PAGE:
For any grouping variable, display the value corresponding to box `j` only if that value differs from the value corresponding to box ```(j – 1)```.

`'majorminor'`

For any grouping variable `g(:,i)`, display the value corresponding to box `j`, only if that value differs from the value of `g(:,i)` corresponding to box `(j – 1)`, or if the condition above holds for at least one of the grouping variables `g(:,1),…,g(:,i-1)`. This is the default when `'PlotStyle'` is `'compact'`.

Example: `'LabelVerbosity','minor'`

Plot orientation, specified as one of the following.

NameValue
`'vertical'`Plot `x` on the y-axis.
`'horizontal'`Plot `x` on the x-axis.

Example: `'Orientation','horizontal'`

Box positions, specified as a numeric vector containing one entry for each group or `x` value. The default is 1:NumGroups, where NumGroups is the number of groups.

Data Types: `single` | `double`

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### Box Plot

A box plot provides a visualization of summary statistics for sample data and contains the following features:

• The bottom and top of each box are the 25th and 75th percentiles of the sample, respectively. The distance between the bottom and top of each box is the interquartile range.

• The red line in the middle of each box is the sample median. If the median is not centered in the box, the plot shows sample skewness.

• The whiskers are lines extending above and below each box. Whiskers go from the end of the interquartile range to the furthest observation within the whisker length (the adjacent value).

• Observations beyond the whisker length are marked as outliers. By default, an outlier is a value that is more than 1.5 times the interquartile range away from the bottom or top of the box. However, you can adjust this value by using additional input arguments. An outlier appears as a red + sign.

• Notches display the variability of the median between samples. The width of a notch is computed so that boxes whose notches do not overlap have different medians at the 5% significance level. The significance level is based on a normal distribution assumption, but comparisons of medians are reasonably robust for other distributions. Comparing box plot medians is like a visual hypothesis test, analogous to the t test used for means. ## Tips

• `boxplot` creates a visual representation of the data, but does not return numeric values. To calculate the relevant summary statistics for the sample data, use the following functions:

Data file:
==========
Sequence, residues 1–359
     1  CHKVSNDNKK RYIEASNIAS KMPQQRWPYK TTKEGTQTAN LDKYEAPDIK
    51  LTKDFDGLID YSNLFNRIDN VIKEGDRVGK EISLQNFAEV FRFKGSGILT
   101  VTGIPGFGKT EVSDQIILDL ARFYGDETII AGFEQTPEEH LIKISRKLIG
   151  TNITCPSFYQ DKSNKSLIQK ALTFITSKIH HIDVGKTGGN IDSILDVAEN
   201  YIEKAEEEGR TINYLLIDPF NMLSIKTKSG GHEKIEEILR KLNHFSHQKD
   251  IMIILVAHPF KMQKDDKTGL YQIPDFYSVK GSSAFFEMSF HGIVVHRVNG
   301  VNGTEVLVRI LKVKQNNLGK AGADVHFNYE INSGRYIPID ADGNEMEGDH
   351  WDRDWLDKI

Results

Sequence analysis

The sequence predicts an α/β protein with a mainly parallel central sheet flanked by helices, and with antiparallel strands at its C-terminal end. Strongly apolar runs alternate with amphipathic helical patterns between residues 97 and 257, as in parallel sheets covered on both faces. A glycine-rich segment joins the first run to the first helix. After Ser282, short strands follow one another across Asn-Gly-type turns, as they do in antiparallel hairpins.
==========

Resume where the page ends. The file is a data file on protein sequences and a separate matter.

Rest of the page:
• `min` — Find the minimum value in the sample data.

• `max` — Find the maximum value in the sample data.

• `median` — Find the median value in the sample data.

• `quantile` — Find the quantile values in the sample data. For example, to compute the 25th and 75th percentiles of `x`, specify `quantile(x,[0.25 0.75])`. For more information on how the percentiles are computed, see Algorithms.

• `iqr` — Find the interquartile range in the sample data.

• `grpstats` — Calculate summary statistics for the sample data, organized by group.

• You can see data values and group names using the data cursor in the figure window. The cursor shows the original values of any points affected by the `datalim` parameter. You can label the group to which an outlier belongs using the `gname` function.

• To modify graphics properties of a box plot component, use `findobj` with the `Tag` property to find the component's handle. `Tag` values for box plot components depend on parameter settings, and are listed in the following table.

Parameter SettingsTag Values
All settings
• `'Box'`

• `'Outliers'`

When `'PlotStyle'` is `'traditional'`
• `'Median'`

• `'Upper Whisker'`

• `'Lower Whisker'`

• `'Upper Adjacent Value'`

• `'Lower Adjacent Value'`

When `'PlotStyle'` is `'compact'`
• `'Whisker'`

• `'MedianOuter'`

• `'MedianInner'`

When `'Notch'` is `'marker'`
• `'NotchLo'`

• `'NotchHi'`

## Alternative Functionality

You can also create a `BoxChart` object by using the `boxchart` function. Although `boxchart` does not include all the functionality of `boxplot`, it has some advantages. Unlike `boxplot`, the `boxchart` function:

• Allows for categorical rulers along the group axis

• Provides the option of a legend

• Works well with the `hold on` command

• Has an improved visual design that helps you see notches more easily

To control the appearance and behavior of the object, change the BoxChart Properties.

 McGill, R., J. W. Tukey, and W. A. Larsen. “Variations of Boxplots.” The American Statistician. Vol. 32, No. 1, 1978, pp. 12–16.

 Velleman, P.F., and D.C. Hoaglin. Applications, Basics, and Computing of Exploratory Data Analysis. Pacific Grove, CA: Duxbury Press, 1981.

 Nelson, L. S. “Evaluating Overlapping Confidence Intervals.” Journal of Quality Technology. Vol. 21, 1989, pp. 140–141.

 Langford, E. “Quartiles in Elementary Statistics”, Journal of Statistics Education. Vol. 14, No. 3, 2006.